The bitter fight over a ballot question to regulate nurse staffing is over. The debate at the heart of the costly battle is not.
Question 1 forced a complicated health care issue into the spotlight, and though it was soundly defeated, supporters and opponents both said Wednesday that the publicity had raised awareness about the stressful and difficult job of nurses.
Steve Walsh, president of the Massachusetts Health & Hospital Association, said hospitals want to “turn the page” on the campaign season. But he said the debate will inform hospital leaders as they work to address broader workforce issues, including stress and burnout among doctors and nurses.
“We heard concerns,” Walsh said in an interview Wednesday. “We’re listening to those concerns. We’re committed to working on solutions.”
While both sides in the ballot fight said they were open to sitting down and talking about workforce issues, neither side had reached out to the other to begin that dialogue.
The rift was still fresh a day after the election.
“We’re always open to talking to everybody, but talk is cheap,” said David Schildmeier, spokesman for the Massachusetts Nurses Association, a labor union that sponsored Question 1. “We haven’t determined what we’re going to do [next]. We will be reviewing all our options as we always do, and we will continue to do whatever is necessary to ensure patients receive the care they deserve.”
Question 1, which would have set strict limits on the numbers of patients assigned to nurses working in hospitals, was overwhelmingly defeated in Tuesday’s election, with 70 percent of voters rejecting the question.
The nurses union had argued that patient limits were necessary to help overworked nurses provide the best possible care to patients. Hospitals had warned that the measure would raise costs and impede access to important medical services.
Kathy Schuler, chief nursing officer at Winchester Hospital, was among the many executives opposed to Question 1. But Schuler said with the campaign behind them, hospital leaders will reach out to nurses to discuss other strategies for improving work conditions.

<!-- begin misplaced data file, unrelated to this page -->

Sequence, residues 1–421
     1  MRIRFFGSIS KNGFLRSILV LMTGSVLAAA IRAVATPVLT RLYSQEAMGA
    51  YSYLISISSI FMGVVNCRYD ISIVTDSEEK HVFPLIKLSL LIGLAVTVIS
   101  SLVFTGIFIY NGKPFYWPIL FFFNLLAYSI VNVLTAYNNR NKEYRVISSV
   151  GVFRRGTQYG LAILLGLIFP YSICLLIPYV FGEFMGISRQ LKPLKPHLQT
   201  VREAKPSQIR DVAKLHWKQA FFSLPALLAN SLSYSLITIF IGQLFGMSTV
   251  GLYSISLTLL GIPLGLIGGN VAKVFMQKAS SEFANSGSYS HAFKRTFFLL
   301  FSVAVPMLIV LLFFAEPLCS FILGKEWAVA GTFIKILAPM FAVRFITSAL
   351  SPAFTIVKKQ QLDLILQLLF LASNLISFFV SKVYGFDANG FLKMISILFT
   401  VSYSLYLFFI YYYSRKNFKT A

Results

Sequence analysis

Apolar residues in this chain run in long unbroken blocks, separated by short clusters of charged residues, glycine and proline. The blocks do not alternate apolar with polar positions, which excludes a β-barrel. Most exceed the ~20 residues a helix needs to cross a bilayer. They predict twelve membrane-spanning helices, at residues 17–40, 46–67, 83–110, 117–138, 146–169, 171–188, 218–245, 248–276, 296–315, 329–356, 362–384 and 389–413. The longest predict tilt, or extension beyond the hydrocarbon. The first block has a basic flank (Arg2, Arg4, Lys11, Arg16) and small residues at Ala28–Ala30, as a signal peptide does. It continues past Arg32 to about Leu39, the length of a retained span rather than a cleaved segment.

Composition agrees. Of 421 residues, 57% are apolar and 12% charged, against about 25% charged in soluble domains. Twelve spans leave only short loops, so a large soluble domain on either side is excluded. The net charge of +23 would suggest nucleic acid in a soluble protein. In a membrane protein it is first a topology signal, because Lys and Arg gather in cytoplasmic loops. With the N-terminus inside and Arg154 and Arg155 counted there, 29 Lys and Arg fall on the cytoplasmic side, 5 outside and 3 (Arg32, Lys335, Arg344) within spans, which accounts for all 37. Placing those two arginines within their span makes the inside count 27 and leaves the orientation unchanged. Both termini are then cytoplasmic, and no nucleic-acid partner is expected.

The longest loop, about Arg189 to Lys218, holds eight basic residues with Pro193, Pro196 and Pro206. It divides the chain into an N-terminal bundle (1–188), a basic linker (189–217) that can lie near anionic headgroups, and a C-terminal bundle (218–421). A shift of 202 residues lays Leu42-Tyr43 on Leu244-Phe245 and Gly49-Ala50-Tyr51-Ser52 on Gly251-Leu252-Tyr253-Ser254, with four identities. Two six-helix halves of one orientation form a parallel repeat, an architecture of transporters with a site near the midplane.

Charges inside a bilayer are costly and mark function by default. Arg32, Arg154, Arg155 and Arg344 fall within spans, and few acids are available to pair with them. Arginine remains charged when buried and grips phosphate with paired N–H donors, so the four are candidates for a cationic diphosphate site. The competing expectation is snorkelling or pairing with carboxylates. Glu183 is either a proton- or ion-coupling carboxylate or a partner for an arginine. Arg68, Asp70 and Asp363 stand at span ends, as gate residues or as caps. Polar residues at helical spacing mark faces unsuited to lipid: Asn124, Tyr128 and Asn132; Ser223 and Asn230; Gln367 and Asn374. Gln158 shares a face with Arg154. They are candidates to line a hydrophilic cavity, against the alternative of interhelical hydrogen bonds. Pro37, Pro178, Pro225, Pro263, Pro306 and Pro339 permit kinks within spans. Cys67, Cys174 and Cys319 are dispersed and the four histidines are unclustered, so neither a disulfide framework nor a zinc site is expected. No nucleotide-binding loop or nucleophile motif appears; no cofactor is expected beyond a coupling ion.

“We have learned that we need to be more in tune with staff nurses . . . and more in tune with the stress staff nurses carry with them each day,” Schuler said.
“I wouldn’t call it a wakeup call,” she said of the ballot debate, “just a realization that we weren’t as in touch with the work environment as we needed to be.”
More than1.8 million people voted against Question 1. That’s more than the number who voted to reelect Governor Charlie Baker or US Senator Elizabeth Warren. About 771,000 people voted in favor of the question.
Schildmeier attributed the lopsided result to the “ridiculous amounts of money” hospitals spent on the effort to defeat the measure, which included running television ads warning about the potentially dire consequences of a “yes” vote.
Hospitals poured $25 million into their campaign, more than twice the union’s $12 million.
“It is hard to win when you’re outspent 2 to 1, even if you run a flawless campaign,” said Joe Baerlein, a consultant who has worked on past ballot campaigns.
But Baerlein said union officials should have done more to combat the confusion around the referendum and persuade voters in reliably liberal communities such as Cambridge. (All but four cities and towns rejected Question 1, according to the latest tally.)
“The fact that voters said ratios aren’t the right solution doesn’t mean voters were saying there aren’t issues with our nursing workforce,” said state Senator Jason M. Lewis, a Winchester Democrat and cochairman of the Legislature’s Joint Committee on Public Health.
Lewis, who opposed Question 1, said the ballot debate raised important health care quality and safety issues that the Legislature could work to address. For example, he said, the state should require hospitals to set standards for the handling of patients to prevent injuries to nurses, and also require hospitals to develop plans to prevent workplace violence.
House majority leader Ronald Mariano, a Quincy Democrat, also opposed the ballot measure.
“I don’t think the role for the Legislature is to determine ratios and how to manage a hospital,” he said. But Mariano added that he’s open to considering more creative ways to address nurse staffing issues.
Judith Shindul-Rothschild, a professor of nursing at Boston College who supported Question 1, was skeptical that conversations with hospital executives and legislators would lead to change.
“The way forward, I think, is to keep educating the public,” she said.
“Although there was this stunning defeat — and there’s no other way to describe it — one of the beauties of living in a democracy is you can pick yourself up and learn and go forward,” Shindul-Rothschild said.